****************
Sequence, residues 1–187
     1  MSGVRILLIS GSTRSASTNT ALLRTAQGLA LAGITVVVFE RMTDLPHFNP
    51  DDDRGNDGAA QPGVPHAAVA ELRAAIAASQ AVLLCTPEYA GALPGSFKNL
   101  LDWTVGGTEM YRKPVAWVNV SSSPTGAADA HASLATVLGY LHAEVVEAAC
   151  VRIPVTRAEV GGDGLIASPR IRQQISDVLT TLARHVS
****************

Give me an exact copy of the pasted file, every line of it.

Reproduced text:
Sequence, residues 1–187
     1  MSGVRILLIS GSTRSASTNT ALLRTAQGLA LAGITVVVFE RMTDLPHFNP
    51  DDDRGNDGAA QPGVPHAAVA ELRAAIAASQ AVLLCTPEYA GALPGSFKNL
   101  LDWTVGGTEM YRKPVAWVNV SSSPTGAADA HASLATVLGY LHAEVVEAAC
   151  VRIPVTRAEV GGDGLIASPR IRQQISDVLT TLARHVS